Simply put, the modern worker is overwhelmed because there just isn’t enough time in the day to get through all the tasks required.
“I don’t think there’s anyone who could get through their whole to-do list,” says psychologist Josh Davis, PhD, author of Two Awesome Hours. Consequently, people end up either working constantly—or they rely on psychology and neuroscience to help them reach maximum productivity potential.
But hacking your brain is different for everyone. We know that what makes some people productive doesn’t have the same outcomes for others. If this is the case, how do you know what makes you perform at your best?
Before we can talk about unlocking our productivity powers, let’s first discuss what happens to the brain during big, stressful moments, and why you can’t focus.
If we think about ourselves in the most primitive way, we have a higher order of processing our activities, according to Leslie Sherlin, a psychologist, neuroperformance specialist, and the cofounder of the brain-training company SenseLabs. Typically, staying alive is the highest priority, followed by keeping ourselves fed, clothed, and sheltered. At some point, all the way down near the bottom of our priorities in the primitive sense, is successfully executing an email or delivering a speech.
“It’s way down the line as far as survival skills go,” explains Sherlin, but in our culture, “that ability to deliver a speech is in fact one of the most important things we can do as a business person, because that then feeds and shelters our family.”
When you think about things this way, no wonder our society feels so much stress surrounding work.
“When we feel that pressure, it’s the same as a wild animal being hunted or being chased by its predator,” says Sherlin. “The thing that then happens is the body goes into the flight-or-fight response, basically. And there’s a hormone released. There’s a chemical signature change in the brain. And we begin to develop this pattern over a period of time just by constantly putting ourselves in those kind of high stakes—high risks and rewards—situations where the body learns how to be in that state almost all the time.”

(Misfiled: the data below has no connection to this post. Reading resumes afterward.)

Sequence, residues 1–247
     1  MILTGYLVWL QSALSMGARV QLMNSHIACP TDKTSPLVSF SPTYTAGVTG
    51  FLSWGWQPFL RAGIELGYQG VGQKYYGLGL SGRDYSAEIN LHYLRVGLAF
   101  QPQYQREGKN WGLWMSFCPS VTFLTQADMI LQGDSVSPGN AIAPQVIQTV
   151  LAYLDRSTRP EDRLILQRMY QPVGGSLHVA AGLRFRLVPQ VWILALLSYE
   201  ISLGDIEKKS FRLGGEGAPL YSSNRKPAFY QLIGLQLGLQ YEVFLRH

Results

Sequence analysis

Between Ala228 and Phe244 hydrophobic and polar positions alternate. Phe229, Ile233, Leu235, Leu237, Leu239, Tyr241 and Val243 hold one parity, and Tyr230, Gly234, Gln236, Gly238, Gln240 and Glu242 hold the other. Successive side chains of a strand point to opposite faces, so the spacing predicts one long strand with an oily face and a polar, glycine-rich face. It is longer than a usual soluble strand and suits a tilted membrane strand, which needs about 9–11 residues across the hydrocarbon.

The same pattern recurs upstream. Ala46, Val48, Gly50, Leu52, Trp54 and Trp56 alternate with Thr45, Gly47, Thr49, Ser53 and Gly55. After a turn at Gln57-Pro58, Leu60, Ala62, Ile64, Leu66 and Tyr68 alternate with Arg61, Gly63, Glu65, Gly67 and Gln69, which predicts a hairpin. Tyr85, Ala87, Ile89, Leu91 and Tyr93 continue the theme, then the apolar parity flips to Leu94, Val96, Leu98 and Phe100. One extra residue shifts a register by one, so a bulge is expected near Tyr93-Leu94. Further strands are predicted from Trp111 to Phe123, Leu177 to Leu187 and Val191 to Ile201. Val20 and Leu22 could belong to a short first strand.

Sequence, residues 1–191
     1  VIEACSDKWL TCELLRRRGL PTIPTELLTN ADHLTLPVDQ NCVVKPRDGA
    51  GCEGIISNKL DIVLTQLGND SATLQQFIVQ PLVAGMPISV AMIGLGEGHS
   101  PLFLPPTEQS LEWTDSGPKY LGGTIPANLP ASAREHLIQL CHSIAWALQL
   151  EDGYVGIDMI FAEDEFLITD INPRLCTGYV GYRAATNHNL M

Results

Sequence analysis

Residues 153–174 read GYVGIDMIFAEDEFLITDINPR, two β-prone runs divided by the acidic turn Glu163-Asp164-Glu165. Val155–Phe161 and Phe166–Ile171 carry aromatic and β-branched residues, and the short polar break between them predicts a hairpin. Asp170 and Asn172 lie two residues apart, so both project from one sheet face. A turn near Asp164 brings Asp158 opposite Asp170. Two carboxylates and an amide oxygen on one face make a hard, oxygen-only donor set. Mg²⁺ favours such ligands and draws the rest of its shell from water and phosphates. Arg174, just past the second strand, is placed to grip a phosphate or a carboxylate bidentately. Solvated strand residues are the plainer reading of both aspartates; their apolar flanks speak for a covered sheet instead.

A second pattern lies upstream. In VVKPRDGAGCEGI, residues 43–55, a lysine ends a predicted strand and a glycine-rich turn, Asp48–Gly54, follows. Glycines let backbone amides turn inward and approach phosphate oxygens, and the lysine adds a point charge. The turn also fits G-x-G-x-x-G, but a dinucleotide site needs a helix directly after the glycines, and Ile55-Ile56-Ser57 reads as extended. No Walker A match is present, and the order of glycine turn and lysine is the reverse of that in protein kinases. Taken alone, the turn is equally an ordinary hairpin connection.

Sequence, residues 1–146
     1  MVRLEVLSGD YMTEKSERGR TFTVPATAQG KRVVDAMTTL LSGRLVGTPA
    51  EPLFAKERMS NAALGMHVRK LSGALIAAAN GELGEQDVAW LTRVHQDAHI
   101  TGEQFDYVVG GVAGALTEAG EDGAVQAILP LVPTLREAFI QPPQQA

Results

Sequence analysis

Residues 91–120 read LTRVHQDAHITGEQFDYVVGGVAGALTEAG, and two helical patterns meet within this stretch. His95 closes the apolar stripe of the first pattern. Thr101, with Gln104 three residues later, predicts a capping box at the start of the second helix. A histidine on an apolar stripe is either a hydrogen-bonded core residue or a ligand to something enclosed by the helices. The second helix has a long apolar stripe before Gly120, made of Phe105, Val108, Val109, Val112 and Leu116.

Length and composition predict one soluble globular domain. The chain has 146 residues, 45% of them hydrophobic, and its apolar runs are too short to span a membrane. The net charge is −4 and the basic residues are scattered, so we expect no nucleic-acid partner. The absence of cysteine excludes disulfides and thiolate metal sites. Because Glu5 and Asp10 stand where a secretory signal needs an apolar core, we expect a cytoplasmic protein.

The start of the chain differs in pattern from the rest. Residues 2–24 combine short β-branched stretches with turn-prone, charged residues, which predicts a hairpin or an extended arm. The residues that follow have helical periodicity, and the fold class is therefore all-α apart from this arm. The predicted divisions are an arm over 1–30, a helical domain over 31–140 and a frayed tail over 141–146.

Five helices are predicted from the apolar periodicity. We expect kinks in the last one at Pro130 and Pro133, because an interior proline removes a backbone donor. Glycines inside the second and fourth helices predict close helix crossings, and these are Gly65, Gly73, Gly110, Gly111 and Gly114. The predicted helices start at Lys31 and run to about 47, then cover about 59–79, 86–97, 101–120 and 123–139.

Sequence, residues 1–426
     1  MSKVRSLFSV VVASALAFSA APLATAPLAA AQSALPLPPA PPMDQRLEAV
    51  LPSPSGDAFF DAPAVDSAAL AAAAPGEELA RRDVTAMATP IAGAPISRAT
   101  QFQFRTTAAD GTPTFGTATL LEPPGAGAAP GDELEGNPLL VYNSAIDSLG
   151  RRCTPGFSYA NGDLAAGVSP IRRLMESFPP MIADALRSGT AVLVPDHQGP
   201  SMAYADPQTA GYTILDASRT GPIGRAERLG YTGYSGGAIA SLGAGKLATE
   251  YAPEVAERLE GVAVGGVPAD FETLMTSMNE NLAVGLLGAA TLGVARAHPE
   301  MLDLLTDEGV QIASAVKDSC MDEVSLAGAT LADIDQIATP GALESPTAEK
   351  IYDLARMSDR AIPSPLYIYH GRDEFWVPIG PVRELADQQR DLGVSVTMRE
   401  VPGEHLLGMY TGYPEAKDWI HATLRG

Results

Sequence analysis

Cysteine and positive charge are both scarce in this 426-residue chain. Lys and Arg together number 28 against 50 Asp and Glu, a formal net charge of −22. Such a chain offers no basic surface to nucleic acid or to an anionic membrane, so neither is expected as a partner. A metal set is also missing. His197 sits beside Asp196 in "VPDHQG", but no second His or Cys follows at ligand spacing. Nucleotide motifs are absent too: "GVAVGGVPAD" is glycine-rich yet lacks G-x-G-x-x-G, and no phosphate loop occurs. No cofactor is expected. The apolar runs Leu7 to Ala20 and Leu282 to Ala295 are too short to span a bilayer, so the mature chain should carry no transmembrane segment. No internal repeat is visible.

Once we get here, we can no longer perform at our maximum potential. You won’t even be able to respond to emails effectively because your body says, “I have to protect myself, I need to escape.” According to Sherlin, we have to be able to shut down this process, or it’ll eventually become a biological habit.
“We see it in the most extreme cases of combat soldiers in war zones,” explains Sherlin. “In combat zones, they learn how to be hyper-vigilant as a matter of staying alive. Then you take all the danger away, and you put them into suburbia and it’s challenging because their body, their brain, their thought process, the whole interaction is primed to stay alive.”
So, if we’re up against our own biological process, what’s the secret behind tackling every task that comes your way?
1. Evaluate your success process
Often, after successfully completing an experience, people focus so much on the action that they usually neglect the process that got them to that action. Instead, Sherlin says people should be focusing on the thought process, the strategy, the planning, and all of the other little things along the way that ultimately led them to be successful. Then, they should take the details of that process and apply that same strategy to different domains of their lives.
“Most of the time, we were just happy we finished it, so we just move on,” explains Sherlin. “We need to really think through that success. What caused me to succeed? What state of mind was I in? What was my process?”
He adds: “We have the ability to learn how to self-regulate our thought process. Where you are, doesn’t have to be where you stay. Small, incremental steps changing our experience, ultimately this changes our physiology, changes the way our body reacts to stimuli, and propels us to more successful opportunities.”
2. Say the word “done” for the physiological response your brain needs
We know that, sometimes, in order to get through the most mundane tasks, we need to give ourselves rewards to keep us going. This strategy also breaks the tasks into smaller increments, making it much more manageable.